Figure 2.2 Missiles outside Patrick Airforce Base.2 (Courtesy of Air Force Space and Missile Museum.)

The ships had C-band and S-band radar, telemetry for data downloads, and inertial navigation (secret at the time, used on nuclear subs, and predating the Global Positioning System [GPS]). The computer was a reduced-size, hardened military computer used on Navy ships. It had a red “battle” button so it could run past its temperature limits (and literally burn up) while a battle was under way. This 8-bit machine had a 32-bit word length and an eye-popping 36K of memory (36K was the maximum at the time). At sea, our programming interface was punched paper tape (on land, punch cards). There was a control panel with 3 or 4 columns across and about 10 to 12 rows down—each intersection was a button that signaled currently unneeded programs to roll out of memory so others could be read in.

Consider trying to program complex orbital mechanics calculations to acquire a tiny command module as it came up over the distant horizon given the memory and processing speed constraints. Besides radar and navigation data, another calculation input was ship flex data.3 The command module acquisition calculation was so sensitive it required ship flexure data in the calculation—all programmed in 36K.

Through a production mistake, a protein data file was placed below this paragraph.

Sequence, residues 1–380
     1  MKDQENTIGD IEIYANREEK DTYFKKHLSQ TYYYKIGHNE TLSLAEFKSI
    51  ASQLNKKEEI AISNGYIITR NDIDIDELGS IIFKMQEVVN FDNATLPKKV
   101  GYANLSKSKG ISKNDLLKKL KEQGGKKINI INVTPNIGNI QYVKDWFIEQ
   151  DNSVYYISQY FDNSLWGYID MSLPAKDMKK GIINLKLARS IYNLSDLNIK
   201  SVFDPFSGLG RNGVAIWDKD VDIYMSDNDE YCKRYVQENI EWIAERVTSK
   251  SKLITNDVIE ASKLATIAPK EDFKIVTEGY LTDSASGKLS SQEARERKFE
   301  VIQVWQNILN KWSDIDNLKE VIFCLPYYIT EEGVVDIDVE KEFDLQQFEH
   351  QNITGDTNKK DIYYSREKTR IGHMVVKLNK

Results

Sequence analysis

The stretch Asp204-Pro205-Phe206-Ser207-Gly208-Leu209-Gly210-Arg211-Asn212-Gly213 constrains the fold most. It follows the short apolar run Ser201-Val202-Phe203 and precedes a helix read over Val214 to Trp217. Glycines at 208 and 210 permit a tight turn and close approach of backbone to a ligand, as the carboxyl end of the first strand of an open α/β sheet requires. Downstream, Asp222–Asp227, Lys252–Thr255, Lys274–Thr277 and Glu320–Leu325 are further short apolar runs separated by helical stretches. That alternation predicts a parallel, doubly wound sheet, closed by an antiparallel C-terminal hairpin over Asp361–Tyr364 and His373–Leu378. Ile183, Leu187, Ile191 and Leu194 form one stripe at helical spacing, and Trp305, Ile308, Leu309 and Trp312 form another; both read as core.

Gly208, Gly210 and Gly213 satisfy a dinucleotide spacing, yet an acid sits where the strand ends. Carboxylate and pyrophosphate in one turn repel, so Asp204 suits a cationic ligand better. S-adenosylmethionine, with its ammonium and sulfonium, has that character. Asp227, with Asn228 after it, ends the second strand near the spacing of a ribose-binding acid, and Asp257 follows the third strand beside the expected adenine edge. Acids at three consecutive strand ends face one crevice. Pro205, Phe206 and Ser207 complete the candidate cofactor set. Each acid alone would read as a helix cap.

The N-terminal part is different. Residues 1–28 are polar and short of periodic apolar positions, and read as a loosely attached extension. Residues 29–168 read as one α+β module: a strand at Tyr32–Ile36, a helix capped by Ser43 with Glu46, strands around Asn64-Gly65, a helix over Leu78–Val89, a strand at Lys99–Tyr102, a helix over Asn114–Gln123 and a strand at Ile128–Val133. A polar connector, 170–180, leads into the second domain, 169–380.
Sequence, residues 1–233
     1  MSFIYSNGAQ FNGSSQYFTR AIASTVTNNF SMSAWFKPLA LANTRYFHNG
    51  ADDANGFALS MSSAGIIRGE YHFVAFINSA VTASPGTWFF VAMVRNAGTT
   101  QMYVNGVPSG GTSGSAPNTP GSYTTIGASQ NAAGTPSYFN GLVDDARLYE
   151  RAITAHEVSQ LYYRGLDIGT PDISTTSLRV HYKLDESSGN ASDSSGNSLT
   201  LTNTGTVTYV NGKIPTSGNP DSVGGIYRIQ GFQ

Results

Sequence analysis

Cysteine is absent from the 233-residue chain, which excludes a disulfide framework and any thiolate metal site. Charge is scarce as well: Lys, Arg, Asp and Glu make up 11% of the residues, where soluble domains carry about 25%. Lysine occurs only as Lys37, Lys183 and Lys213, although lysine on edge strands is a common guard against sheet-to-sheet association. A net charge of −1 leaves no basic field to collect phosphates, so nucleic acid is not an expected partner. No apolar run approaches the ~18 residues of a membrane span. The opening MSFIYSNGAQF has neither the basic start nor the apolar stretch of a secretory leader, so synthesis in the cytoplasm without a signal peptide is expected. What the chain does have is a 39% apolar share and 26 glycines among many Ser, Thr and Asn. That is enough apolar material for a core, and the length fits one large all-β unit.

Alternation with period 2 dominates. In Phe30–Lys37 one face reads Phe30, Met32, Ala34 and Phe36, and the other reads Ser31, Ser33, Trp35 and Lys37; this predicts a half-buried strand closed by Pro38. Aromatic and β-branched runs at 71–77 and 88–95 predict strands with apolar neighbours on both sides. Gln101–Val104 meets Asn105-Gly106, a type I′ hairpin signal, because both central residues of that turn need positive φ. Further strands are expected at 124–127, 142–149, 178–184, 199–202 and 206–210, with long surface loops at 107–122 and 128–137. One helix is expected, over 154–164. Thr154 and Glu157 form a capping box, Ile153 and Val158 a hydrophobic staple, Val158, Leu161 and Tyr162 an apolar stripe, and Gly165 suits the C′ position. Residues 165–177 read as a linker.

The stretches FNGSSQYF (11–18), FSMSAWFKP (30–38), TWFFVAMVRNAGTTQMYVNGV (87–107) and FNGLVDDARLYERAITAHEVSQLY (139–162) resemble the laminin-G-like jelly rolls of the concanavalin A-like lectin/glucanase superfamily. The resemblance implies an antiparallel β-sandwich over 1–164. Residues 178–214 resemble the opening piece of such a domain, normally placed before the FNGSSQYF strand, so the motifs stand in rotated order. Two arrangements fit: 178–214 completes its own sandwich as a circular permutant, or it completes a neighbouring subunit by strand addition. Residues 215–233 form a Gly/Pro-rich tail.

For six months, I was on temporary duty at a shipyard in New Orleans, where two ships were being built. We went out on sea trials—down the Mississippi River to the Gulf of Mexico to test the systems by trying to find airplanes. In an actual mission, the command module would enter the atmosphere at 24,000 miles per hour, then slow down by using retro-burn engines to less than 350 miles per hour. Our target planes flew right over the ship at several hundred miles per hour. The first few tests we couldn’t even find the planes.

The entire Apollo program was huge, and its success was a testament to a big vision, creativity, collaboration, learning through failure, engineering expertise, and management talent. It was a fun, but busy time, and it was great for me to play even a small part in this event. Looking back, it was an exciting way to begin my career adventure. However, by the first manned Apollo flight, the ships had been repurposed due to advances in communications.

BEFORE CONTINUING WITH MY CAREER stops, a couple of leading-edge projects, the state of software methods, and establishing a management context for the entire six decades, I first need to set the technology stage for this Wild West era.